Gaming Disorder: What is it?

Many people hear the term “gaming disorder” and instantly have strong reactions. Some find it ridiculous to label a fun hobby as a disorder. Others claim that gaming truly can be addictive and harmful. Parents may even instantly try to diagnosis their kids who seem to play Fortnite too much. To be clear, if you play video games, you are not instantly labeled as having an addiction or disorder. So, what actually is this “gaming disorder?”

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Gaming Disorder Defined

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In the draft of the ICD-11 (11th revision of the International Classification of Diseases), gaming disorder is the term for “a pattern of gaming behavior (digital-gaming or video-gaming) characterized by impaired control over gaming, increasing priority given to gaming over other activities to the extent that gaming takes precedence over other interests and daily activities, and continuation or escalation of gaming despite the occurrence of negative consequences.” To meet diagnostic criteria, the behavior pattern must be severe to the degree in which it results in significant impairment in important areas of functioning (i.e. social, educational, occupational) for at least 12 months.
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With gaming disorder being included in ICD-11, there will be increased attention by health professionals to this condition’s risks, development, prevention, and treatment measures. WHO notes that people who do participate in this activity should remain alert to the amount of time they spend on gaming, especially when it leads to: cutting out other activities, changes in physical or psychological health, and changes in social functioning. The main characteristics are not unlike those of substance use and gambling disorders. “Gaming disorder” is not a novel concept; in fact, “Internet Gaming Disorder” was listed in the DSM-5 as a condition for further study as of 2013.

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Prevalence

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Studies suggest that only a small percentage of people who engage in digital- or video-gaming activities would meet gaming disorder criteria. According to CNN, “Millions of gamers around the world, even when it comes to the intense gaming, would never qualify as people suffering from gaming disorder,” says Dr. Vladimir Poznyak, a member of WHO’s Department of Mental Health and Substance Abuse.

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Treatment

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Currently, interventions or treatments are similar to cognitive behavioral therapy (CBT). Different forms of support can be included in treatment, such as psychosocial interventions.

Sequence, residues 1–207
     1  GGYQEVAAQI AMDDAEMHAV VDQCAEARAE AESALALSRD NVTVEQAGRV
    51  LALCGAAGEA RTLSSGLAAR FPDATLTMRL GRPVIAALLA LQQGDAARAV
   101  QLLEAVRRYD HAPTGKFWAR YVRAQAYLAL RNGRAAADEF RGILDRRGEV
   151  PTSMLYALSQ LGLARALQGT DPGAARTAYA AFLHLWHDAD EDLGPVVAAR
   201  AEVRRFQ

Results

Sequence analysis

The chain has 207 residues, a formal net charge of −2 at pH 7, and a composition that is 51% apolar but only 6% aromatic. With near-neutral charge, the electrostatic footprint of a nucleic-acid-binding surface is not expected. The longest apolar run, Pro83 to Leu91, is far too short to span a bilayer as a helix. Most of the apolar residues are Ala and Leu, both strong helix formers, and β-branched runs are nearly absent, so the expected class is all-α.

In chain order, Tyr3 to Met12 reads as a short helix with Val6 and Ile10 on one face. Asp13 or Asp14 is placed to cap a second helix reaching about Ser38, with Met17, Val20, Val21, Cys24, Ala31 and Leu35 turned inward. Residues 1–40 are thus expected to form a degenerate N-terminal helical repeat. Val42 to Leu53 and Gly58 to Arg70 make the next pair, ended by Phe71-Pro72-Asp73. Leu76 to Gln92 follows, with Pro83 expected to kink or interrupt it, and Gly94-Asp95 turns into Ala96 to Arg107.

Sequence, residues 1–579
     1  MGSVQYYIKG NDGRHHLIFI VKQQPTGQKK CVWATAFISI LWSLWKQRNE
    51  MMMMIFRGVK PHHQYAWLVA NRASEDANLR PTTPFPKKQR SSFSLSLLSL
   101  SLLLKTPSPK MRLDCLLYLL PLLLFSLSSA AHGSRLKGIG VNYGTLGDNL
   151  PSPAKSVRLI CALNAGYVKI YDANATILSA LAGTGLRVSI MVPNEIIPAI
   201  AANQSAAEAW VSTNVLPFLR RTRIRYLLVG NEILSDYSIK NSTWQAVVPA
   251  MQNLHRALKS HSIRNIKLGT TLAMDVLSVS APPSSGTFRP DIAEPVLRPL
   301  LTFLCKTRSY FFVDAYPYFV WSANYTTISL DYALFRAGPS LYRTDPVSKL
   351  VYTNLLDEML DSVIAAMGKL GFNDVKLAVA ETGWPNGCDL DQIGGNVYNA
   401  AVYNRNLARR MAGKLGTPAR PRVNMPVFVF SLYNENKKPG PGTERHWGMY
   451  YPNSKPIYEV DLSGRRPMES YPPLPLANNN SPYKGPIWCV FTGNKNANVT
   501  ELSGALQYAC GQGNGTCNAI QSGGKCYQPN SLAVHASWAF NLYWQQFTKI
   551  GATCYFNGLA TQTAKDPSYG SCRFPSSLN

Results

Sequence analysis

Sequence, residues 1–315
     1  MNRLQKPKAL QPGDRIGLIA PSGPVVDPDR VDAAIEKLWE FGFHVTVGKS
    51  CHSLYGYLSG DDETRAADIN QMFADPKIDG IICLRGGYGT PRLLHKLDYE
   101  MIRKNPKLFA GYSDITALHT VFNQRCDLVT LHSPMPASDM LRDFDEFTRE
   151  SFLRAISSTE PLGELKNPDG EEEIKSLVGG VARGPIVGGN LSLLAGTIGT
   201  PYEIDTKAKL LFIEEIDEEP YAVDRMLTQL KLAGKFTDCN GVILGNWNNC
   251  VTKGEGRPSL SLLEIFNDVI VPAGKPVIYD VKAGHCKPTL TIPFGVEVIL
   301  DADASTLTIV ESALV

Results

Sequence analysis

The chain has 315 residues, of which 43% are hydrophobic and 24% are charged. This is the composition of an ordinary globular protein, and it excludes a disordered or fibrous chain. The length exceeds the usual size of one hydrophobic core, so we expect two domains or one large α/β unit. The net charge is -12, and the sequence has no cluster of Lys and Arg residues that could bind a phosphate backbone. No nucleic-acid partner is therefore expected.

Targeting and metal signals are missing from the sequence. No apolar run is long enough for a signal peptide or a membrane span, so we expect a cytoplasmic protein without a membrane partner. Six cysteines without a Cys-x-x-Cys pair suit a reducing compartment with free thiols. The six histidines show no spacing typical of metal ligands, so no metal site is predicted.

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Gamers Take on Twitter

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Twitter:

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Many gamers went to Twitter to express their opinion on the new label. Several seemed to be offended, possibly feeling targeted or labeled. Others mocked its legitimacy, arguing that a fun hobby is not an addiction or disorder. Another issue was with the claim by gamers that 20+ hours a week of gaming qualifies for the disorder, a number that I have not seen on the WHO site. A major misunderstanding seems to be the line between normal functioning and disorder level behavior. If someone plays video games, that does not mean they instantly have this disorder. However, if this behavior interferes with their life and continues despite its negative consequences (i.e. failing classes due to gaming, lack of sleep due to gaming), that could be seen as a serious issue. There have even been deaths associated with excessive playing, such as that of Hsieh, a 38-year old man who was found dead in an Internet cafe in Taipei after playing for five days straight, so “gaming disorder” may not be as big of a joke as many gamers believe.

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Professional Stance: Some Against Label

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Not every health professional is on board with this new disorder concept. According to CNN, Anthony Bean, a licensed psychologist, states it is “a bit premature to label this as a diagnosis”, stating that many use gaming as a coping mechanism for anxiety or depression. According to the Journal of Behavioral Addictions, this proposal is problematic in various ways. It has “negative medical, scientific, public-health, societal and human rights fallout.” First, this will cause panic over the harm of gaming, resulting in premature application of diagnosis and treatment of false-positive cases. Secondly, this will make the research on it less open. Thirdly, the majority of gamers who are healthy will be affected in a negative manner. This will cause stigma to millions of people who play video games in a healthy, normal manner.

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It is clear that this new disorder, as with any new diagnostic label, will be controversial.

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